FIGS. 2 through 4 illustrate an alternate preferred embodiment of a medical occlusive device in accordance with the present invention for correcting an ASD. It is proposed that this device 300 may also be well suited in occluding defects known in the art as patent foraman ovale (hereinafter PFO) or for ventricular septal defects (VSD). With reference to FIGS. 2-4, the device 300 in its relaxed, unstretched state has two disks 302 and 304 aligned in spaced relation, linked together by a short cylinder 306. The length of the cylindrical segment 306 preferably approximates the thickness of the atrial septum, and ranges between 2 to 20 mm. The proximal 302 and distal 304 disks preferably have an outer diameter sufficiently larger than the shunt to prevent dislodging of the device. The proximal disk 302 has a relatively flat configuration, whereas the distal disk 304 is cupped towards the proximal end slightly overlapping the proximal disk 302. The improvement in the device design over the prior art is shown in FIG. 3 which is a cross-sectional view of the device of FIG. 2. In the prior art design, the fabric of the short cylinder 306 connected with the inside wall fabric of each disk at the diameter of the short cylinder. In the improved device design of the present invention, the short cylinder connects with the disk walls at a small diameter 309 which is much smaller than the diameter of the short cylinder which is much smaller than the diameter of the disk. This allows the disk to easily pivot about diameter 309 to allow the disks to align themselves with anatomical vessel walls that are not perpendicular (at an angle) to the aperture there between.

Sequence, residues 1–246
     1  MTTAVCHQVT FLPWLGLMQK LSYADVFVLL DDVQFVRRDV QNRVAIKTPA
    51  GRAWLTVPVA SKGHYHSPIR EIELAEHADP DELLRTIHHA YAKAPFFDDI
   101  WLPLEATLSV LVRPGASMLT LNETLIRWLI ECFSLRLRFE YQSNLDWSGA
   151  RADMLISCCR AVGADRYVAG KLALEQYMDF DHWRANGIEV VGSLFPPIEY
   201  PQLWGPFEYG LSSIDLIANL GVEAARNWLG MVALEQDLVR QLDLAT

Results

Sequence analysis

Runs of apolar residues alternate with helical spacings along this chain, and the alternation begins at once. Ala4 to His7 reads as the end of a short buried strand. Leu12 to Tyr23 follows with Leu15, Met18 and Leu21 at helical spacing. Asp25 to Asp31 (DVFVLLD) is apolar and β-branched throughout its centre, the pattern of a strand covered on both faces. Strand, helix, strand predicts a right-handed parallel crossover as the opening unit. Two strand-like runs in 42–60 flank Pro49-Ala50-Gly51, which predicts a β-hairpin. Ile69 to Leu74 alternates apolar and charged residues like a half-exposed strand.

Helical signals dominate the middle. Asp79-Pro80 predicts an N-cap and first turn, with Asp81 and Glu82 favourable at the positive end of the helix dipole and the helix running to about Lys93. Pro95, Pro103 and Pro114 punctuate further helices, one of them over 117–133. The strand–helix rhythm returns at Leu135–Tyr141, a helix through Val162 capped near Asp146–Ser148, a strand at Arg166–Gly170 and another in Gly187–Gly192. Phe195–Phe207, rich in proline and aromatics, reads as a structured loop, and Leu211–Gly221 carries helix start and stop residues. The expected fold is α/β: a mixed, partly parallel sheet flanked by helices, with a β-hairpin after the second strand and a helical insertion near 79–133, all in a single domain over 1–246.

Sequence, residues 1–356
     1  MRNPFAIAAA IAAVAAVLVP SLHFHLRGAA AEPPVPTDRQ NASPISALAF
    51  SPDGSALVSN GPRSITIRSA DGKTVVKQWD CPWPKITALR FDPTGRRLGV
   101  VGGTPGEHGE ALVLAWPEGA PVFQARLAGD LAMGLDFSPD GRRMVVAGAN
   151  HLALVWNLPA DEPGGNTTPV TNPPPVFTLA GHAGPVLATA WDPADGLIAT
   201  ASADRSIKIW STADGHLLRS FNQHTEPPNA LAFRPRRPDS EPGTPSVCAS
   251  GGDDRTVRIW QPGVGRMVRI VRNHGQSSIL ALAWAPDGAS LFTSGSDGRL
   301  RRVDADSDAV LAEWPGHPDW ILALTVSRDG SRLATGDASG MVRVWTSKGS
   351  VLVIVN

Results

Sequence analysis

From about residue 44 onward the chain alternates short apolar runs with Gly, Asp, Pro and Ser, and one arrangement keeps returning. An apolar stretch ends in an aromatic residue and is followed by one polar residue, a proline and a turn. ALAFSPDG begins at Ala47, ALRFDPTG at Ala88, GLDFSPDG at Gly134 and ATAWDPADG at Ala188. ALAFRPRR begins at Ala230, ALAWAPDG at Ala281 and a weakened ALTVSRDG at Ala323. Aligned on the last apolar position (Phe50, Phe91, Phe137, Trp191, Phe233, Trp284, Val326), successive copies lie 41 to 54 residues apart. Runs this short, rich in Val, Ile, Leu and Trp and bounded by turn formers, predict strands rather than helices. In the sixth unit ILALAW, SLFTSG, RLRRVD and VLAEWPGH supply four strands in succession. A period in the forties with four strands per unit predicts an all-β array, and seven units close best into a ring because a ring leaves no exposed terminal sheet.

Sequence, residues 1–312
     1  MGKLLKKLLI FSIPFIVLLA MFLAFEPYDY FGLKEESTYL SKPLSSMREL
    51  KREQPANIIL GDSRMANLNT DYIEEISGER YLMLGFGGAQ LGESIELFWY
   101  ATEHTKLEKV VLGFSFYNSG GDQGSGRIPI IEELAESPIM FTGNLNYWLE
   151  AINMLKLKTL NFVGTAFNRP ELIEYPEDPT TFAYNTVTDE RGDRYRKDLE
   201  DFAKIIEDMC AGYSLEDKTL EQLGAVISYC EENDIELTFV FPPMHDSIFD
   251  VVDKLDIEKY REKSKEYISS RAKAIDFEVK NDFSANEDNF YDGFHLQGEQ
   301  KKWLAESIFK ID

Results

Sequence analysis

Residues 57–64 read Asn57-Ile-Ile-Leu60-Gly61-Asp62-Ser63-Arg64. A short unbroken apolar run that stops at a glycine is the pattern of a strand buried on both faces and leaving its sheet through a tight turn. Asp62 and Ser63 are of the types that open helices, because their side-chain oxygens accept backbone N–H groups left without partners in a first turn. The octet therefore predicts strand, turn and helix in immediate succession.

The ends of this braided metal fabric device 300 are welded or clamped together with clamps 308 and 310, as described above, to avoid fraying. Of course the ends may alternately be held together by other means readily known to those skilled in the art. The clamp 310 tying together the wire strands at the proximal end also serves to connect the device to a delivery system. In the embodiment shown, the clamp 310 is generally cylindrical in shape and has a recess for receiving the ends of the metal fabric to substantially prevent the wires comprising the woven fabric from moving relative to one another. The clamp 310 also has a threaded surface within the recess. The threaded recess is adapted to receive and engage the threaded distal end of a delivery device 28 (FIG. 6).
The ASD occlusion device 300 of this embodiment of the invention can advantageously be made in accordance with the method outlined above. The device 300 is preferably made from a 0.005 inch Nitinol wire mesh. The braiding of the wire mesh may be carried out with 28 picks per inch at a shield angle of about 64 degrees using a Maypole braider with 72 wire carriers. The stiffness of the ASD device 300 may be increased or decreased by altering the wire size, the shield angle, the pick size, the number of wire carriers or the heat treatment process.